In addition, the Postal Service's productivity is less than stellar. From 1990 to 1998, Postal Service productivity decreased by 0.6 percent compared to a 7 percent increase for private nonfarm productivity and a 13.9 percent increase for manufacturing productivity. At comparable productivity growth rates, the Postal Service would have saved as much as $8 billion in costs.

"The Postal Service just can't assume that it will be allowed to continue to ignore these glaring inefficiencies," says John Carlisle, who heads regulatory programs for The National Center for Public Policy Research. "Since 1962, the price of a first class stamp has risen by 725 percent. Even with the recent hike in energy prices, gasoline has risen by less than 500 percent. Clearly, it's time to tell the Post Office to clean up its inefficiencies and stop making consumers bail it out."

Bush's Decision to Not Regulate Carbon Dioxide is a Victory for Consumers

President George W. Bush's decision to not support carbon dioxide regulation, the greenhouse gas alleged to cause dangerous global warming, should be applauded as a victory for America consumers and a victory for sound science.

During the presidential race, then-Governor Bush stated that he would seek to "establish mandatory reduction targets for emissions of four main pollutants: sulfur dioxide, nitrogen dioxide, mecury and carbon dioxide." In addition, there are several bills before Congress that authorize caps on carbon dioxide emissions.

However, the most reliable scientific evidence lends no credence to environmentalist warnings that rising carbon dioxide emissions from cars, power plants and other sources is causing discernible global warming. NASA weather satellites, the most accurate barometers of global temperature, show that the Earth slightly cooled since 1979. Furthermore, one of the leading scientists promoting the global warming theory, Dr. James Hansen, says he now sees no evidence that carbon dioxide is responsible for any global warming. Absent proof that it causes dangerous warming, carbon dioxide is simply a benign, non-polluting substance that plants need to grow.

In addition to the considerable scientific uncertainty concerning man-made warming, carbon dioxide regulation runs completely counter to the President's promise to the American people to promote access to affordable energy. A study by the U.S. Energy Information Administration shows that carbon dioxide regulation would add about $90 billion to the nation's electrical generating costs -- with the consumer ultimately picking up the tab. If President Bush had decided to regulate CO2, electricity prices would have increased as much as 43% in 2010, with the average household having to divert an extra $200 from health care, housing and other vital necessities to pay the electric bill each year.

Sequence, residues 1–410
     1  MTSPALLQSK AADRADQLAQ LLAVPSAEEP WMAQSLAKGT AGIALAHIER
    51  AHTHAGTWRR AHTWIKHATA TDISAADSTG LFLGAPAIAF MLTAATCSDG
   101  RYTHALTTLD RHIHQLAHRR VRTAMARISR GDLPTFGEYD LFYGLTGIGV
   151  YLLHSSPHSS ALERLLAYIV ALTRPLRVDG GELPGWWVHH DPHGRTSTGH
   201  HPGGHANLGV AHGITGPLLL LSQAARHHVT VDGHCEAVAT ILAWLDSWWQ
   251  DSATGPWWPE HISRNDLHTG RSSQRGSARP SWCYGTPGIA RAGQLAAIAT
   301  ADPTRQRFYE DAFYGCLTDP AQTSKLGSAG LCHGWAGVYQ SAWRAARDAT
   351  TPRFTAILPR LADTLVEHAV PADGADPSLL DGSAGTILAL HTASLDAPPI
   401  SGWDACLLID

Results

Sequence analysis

Keeping his promise to lower Americans' energy bills, President Bush rightly decided to not support costly proposals to regulate carbon dioxide. In a letter to concerned U.S. Senators, the President said that "including caps on carbon dioxide emissions... would lead to... significantly higher energy prices [and] we must be very careful not to take actions that could harm consumers."

"President Bush understands the vital importance of energy to America's economy and its importance to the everyday lives of the American people," says John Carlisle, director of the National Center's Environmental Policy Task Force. "Americans voted for George W. Bush, in part, because they strongly supported his arguments that the government must do more to promote domestic energy development to lessen U.S. dependence on foreign oil and contain energy prices. Regulating carbon dioxide threatened to negate the President's laudable energy program and break an important promise to the American people."

Editorial correspondence to The Relief Report should be directed to: The National Center for Public Policy Research * 20 F Street NW, Suite 700 * Washington, D.C. 20001 * (202) 507-6398 * Fax (301) 498-1301 * E-mail [email protected] * Web Copyright 2001, The National Center for Public Policy Research. Coverage of meetings, activities or statements in the Relief Report does not imply endorsement by The National Center for Public Policy Research. Reprints of material in the Relief Report permitted provided source is credited. To receive all National Center newsletters free by e-mail, visit or send an e-mail to: mailing [email protected].